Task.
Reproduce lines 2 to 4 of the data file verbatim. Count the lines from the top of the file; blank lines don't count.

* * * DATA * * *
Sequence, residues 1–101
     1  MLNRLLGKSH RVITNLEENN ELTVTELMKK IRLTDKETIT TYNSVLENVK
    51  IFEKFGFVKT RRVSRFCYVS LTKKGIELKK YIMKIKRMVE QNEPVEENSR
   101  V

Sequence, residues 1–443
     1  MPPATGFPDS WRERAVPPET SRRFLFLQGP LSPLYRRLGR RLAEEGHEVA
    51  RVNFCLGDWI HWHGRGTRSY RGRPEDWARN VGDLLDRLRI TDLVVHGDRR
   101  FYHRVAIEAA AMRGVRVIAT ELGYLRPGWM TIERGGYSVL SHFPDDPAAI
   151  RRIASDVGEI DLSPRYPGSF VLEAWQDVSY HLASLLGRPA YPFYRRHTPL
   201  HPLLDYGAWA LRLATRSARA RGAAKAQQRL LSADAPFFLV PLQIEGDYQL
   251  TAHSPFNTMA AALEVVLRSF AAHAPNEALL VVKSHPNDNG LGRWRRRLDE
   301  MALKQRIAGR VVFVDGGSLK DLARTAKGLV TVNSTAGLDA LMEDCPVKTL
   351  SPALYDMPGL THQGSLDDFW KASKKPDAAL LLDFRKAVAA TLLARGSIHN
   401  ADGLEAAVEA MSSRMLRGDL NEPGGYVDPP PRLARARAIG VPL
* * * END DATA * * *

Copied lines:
     1  MLNRLLGKSH RVITNLEENN ELTVTELMKK IRLTDKETIT TYNSVLENVK
    51  IFEKFGFVKT RRVSRFCYVS LTKKGIELKK YIMKIKRMVE QNEPVEENSR
   101  V